Plant material, field experiment and phenotypic data evaluationThe association mapping panel comprised of 96 diverse genotypes of lentil (Table 1) include advanced breeding lines, released varieties, and exotic germplasm lines of Mediterranean region.
The experiment was conducted at three diverse geographical locations Delhi (28°63??24? N, 77°15??14? E, 218 m AMSL), Indore (22°42??30? N 75°53??32? E, 560 m AMSL) and Dharwad (15°29’3” N, 74°58’30” E; 681 m AMSL) during the winter season of 2014–2015. The experimental material was planted in a randomized complete block design in two replications. Each genotype was planted in 3 rows with 5 × 30 cm spacing having 4.0 m row length. All the experiments were managed using recommended agronomic practices across the locations and normal healthy crop was raised.
The phenotypic data of each genotype for grain size and weight traits for AM panel was collected for 3 locations. Similarly protein content was also estimated in these samples. Data for all these traits was measured in three replicates. Seed size (mm) was determined by measuring the size of 10 seeds using Vernier Caliper and the average value was used for the analysis. For average seed weight (g), a random sample of 100 seeds was taken for each genotype. Further, protein content was estimated from 100 g sample of each genotype.
XLSTAT tool (http://www.xlstat.com/en/) was used for the statistical analysis. Genomic DNA extraction and SSR amplificationPooled leaf samples (~5 g) were collected at three weeks after sowing from five plants of each genotype and genomic DNA was isolated using modified CTAB method (Murray and Thompson 1980).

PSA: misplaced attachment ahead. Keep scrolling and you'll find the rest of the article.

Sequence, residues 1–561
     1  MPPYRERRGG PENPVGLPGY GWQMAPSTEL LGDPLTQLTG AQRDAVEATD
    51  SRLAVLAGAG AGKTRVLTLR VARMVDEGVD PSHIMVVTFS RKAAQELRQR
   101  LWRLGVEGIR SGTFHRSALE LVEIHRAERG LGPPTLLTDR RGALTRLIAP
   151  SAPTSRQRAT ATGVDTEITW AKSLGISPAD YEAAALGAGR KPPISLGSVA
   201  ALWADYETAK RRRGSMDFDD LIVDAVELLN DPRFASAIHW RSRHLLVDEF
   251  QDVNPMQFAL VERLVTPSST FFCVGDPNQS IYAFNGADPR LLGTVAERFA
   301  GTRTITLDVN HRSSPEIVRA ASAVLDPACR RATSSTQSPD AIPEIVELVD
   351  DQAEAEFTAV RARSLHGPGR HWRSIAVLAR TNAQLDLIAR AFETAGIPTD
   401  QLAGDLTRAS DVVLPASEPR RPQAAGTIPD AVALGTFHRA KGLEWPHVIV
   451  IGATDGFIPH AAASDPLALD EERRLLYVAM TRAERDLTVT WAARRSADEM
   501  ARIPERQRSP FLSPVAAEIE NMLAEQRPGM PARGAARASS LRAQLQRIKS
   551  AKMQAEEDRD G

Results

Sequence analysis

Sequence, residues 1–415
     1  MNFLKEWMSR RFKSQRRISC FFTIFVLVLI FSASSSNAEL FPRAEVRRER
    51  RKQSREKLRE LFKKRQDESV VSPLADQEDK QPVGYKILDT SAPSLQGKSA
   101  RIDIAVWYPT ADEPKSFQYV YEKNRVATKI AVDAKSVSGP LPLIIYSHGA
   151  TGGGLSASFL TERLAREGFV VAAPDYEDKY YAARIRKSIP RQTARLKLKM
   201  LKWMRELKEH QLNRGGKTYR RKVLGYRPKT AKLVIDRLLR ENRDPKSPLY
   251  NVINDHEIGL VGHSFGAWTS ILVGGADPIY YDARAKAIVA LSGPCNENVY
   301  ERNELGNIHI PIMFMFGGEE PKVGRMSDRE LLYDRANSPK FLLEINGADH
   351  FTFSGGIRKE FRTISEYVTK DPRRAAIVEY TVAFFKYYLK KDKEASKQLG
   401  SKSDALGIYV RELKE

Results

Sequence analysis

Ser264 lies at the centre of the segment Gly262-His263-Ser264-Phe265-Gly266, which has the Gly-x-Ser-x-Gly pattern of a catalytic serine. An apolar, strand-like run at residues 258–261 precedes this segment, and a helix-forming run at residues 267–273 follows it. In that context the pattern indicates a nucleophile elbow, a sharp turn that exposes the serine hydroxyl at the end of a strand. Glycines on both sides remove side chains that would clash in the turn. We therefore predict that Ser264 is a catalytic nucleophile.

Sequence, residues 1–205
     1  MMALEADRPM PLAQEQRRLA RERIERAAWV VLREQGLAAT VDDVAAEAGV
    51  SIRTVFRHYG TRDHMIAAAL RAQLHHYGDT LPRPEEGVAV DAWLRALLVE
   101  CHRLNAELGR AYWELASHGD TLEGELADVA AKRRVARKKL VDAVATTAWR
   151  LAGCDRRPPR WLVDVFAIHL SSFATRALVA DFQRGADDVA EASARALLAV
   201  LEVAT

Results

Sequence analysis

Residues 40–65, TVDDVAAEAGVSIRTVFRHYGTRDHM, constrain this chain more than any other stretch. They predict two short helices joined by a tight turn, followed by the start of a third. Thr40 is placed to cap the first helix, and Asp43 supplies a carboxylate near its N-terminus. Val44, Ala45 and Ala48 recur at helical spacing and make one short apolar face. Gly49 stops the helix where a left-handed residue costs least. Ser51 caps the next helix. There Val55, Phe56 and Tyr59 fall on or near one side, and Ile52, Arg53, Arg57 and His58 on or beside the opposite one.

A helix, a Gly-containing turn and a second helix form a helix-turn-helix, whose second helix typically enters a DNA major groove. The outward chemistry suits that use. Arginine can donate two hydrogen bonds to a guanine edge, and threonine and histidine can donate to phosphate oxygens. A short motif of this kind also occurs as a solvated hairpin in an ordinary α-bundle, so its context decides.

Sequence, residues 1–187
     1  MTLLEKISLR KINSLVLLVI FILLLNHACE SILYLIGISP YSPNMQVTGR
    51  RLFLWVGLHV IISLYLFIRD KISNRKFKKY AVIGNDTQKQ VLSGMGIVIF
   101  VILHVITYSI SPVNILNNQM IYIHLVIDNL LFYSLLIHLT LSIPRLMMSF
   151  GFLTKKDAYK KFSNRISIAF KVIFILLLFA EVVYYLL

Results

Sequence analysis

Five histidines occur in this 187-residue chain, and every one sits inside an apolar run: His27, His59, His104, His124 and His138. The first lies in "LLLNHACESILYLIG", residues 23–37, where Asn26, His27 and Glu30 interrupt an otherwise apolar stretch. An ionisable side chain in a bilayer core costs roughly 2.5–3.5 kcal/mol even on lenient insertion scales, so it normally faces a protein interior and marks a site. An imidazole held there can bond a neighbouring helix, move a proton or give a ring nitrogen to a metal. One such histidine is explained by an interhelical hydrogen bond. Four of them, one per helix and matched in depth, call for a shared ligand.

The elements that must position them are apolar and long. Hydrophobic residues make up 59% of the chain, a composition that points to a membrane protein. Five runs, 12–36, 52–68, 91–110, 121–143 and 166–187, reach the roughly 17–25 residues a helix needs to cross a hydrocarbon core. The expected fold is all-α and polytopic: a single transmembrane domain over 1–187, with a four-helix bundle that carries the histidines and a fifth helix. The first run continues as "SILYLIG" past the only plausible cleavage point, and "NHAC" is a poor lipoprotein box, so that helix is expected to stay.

The quality and quantity of DNA estimated using a spectrophotometer, and the samples were diluted to 10 ng per ?L. The PCR was performed in a 20 ?L volume which consisted of 10× buffer (100 mM Tris-HCl, 15 mM MgCl2, and 500 mM KCl); 0.5 ?M each of forward and reverse primers from Sigma-Aldrich (Spruce Street, St. Louis, USA); 200 ?M of each dNTP; 1 U of Taq DNA polymerase and 40 ng genomic DNA as template. Thermal-cycling was carried out in 96 blocked VeritiTM thermal cycler (Applied Biosystems, Life Technologies, Singapore) having one denaturation cycle at 94°C for 4 min, followed by 30 cycles of 94°C for 1 min, annealing at 59°C–62°C (primer specific) for 30 sec, extension at 72°C for 1 min, and a final extension at 72°C for 10 min. The amplified products were electrophoresed at 100 V in 1×TBE buffer for 3 h in 3% MetaphorTM agarose gels (Lonza, Rockland, ME USA). The gel was stained using Ethidium bromide and visualized using CCD camera attached to a gel documentation system (Alpha Imager) at 260 nm.
Sixty genomic SSRs (Saha et al., 2010; Hamwieh et al. 2005; 2009) and 260 EST-SSRs (Jain et al. 2013; Kaur et al. 2011; 2014) were used for polymorphism survey. A total of 73 SSRs including 20 genomic and 53 EST-SSRs exhibiting polymorphism were utilized for the study. Diversity Analysis and Population StructureThe PCR amplified products were scored manually based on 50 bp DNA ladder.